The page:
Growing up to (8 in) tall, it is a clump-forming succulent with erect green stems 3 cm (1.2 in) thick. The blooms are large star-shaped five-petalled flowers up to 25 cm (9.8 in) in diameter. The flowers are red and yellow, wrinkled, with a silky texture and fringed with hairs, that can be as long as 8 mm (0.3 in). They bloom in autumn, triggered by the shorter daylight hours.
There have been several proposed reasons for the size of the flowers of S. gigantea. First, it is possible that they are large to attract the flies that pollinate them. The large size and color of the flowers combined with the carrion smell may cause the flies to behave as if it is a dead carcass and be more likely to visit it.[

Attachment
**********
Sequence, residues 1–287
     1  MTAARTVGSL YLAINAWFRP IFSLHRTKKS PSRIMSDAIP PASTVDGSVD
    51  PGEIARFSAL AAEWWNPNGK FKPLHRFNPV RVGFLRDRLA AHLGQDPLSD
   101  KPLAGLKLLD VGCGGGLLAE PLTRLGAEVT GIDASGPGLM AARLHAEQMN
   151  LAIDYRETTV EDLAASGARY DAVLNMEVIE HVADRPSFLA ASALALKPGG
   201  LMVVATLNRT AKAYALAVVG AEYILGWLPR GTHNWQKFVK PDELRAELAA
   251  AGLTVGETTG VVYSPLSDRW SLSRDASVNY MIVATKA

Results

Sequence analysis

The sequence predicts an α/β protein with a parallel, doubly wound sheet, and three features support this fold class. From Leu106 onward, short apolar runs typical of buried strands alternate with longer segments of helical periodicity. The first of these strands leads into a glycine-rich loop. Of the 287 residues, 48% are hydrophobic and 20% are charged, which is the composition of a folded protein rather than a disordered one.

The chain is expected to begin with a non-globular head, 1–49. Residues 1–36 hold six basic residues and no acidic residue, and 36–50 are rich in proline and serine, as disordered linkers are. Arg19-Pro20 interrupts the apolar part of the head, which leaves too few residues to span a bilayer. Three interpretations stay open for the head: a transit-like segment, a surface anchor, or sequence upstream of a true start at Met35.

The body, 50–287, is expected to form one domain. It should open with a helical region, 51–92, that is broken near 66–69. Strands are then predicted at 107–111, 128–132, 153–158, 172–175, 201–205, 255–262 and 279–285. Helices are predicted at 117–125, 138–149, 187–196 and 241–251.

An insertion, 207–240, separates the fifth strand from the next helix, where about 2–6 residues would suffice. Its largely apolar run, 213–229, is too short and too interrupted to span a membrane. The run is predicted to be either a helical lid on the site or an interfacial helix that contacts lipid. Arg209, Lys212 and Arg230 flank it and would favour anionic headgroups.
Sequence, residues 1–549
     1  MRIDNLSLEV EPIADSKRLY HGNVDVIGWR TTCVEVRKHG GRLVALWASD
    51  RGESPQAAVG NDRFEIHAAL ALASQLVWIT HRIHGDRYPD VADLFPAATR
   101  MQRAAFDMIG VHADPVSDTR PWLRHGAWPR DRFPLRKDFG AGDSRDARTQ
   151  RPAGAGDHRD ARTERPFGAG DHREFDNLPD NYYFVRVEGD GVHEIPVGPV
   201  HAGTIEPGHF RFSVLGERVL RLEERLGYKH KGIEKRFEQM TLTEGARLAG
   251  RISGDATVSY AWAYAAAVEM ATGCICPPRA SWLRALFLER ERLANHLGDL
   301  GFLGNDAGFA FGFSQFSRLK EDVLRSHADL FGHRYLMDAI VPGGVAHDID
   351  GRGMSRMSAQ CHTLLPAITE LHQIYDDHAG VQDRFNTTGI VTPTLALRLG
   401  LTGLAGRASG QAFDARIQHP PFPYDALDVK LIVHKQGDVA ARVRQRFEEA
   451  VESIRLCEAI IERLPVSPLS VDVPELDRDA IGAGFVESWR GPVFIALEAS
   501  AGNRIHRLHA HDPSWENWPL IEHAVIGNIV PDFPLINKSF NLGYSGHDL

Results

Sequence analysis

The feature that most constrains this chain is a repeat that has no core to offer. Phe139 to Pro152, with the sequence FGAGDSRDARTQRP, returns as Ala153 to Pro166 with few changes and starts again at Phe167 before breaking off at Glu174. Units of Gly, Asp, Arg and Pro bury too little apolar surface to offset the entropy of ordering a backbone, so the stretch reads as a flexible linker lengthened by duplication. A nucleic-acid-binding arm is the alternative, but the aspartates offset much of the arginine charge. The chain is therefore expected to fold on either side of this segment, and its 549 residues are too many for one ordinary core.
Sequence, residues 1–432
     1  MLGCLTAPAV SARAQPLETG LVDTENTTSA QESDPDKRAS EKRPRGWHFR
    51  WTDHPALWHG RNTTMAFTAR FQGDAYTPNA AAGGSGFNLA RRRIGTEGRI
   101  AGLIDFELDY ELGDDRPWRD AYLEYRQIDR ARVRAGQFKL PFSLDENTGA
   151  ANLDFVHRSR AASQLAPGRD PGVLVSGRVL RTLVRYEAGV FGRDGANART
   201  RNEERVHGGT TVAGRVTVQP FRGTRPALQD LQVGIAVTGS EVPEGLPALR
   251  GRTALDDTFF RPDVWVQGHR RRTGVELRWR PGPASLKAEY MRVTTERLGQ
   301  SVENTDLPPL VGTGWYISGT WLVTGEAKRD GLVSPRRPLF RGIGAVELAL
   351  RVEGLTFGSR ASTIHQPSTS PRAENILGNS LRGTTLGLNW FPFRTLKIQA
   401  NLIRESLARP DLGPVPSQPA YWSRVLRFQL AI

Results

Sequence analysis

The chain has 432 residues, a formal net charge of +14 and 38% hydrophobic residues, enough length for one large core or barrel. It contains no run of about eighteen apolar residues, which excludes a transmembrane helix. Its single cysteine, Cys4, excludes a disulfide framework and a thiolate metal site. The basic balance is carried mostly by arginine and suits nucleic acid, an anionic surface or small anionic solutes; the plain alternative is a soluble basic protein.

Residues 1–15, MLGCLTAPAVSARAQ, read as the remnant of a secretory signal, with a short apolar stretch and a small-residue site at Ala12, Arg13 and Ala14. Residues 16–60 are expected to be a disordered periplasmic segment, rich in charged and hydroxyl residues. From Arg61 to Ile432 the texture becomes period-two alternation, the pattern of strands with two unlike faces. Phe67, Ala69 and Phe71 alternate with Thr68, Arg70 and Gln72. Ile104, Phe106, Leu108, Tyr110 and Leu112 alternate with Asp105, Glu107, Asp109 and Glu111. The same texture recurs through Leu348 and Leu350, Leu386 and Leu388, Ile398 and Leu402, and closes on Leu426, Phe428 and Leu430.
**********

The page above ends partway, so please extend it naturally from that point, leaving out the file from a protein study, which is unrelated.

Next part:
Since it does not tolerate temperatures below 10 °C (50 °F) for extended periods, this plant must be grown under glass in temperate zones. It has gained the Royal Horticultural Society's Award of Garden Merit.
S. gigantea can become an invasive plant when introduced in arid and semi-arid environments, although it has been found to facilitate the recruitment of nurse-dependent native taxa, those that require a suitable microhabitat created by another plant for successful germination, growth, and/or survival from impacts such as herbivory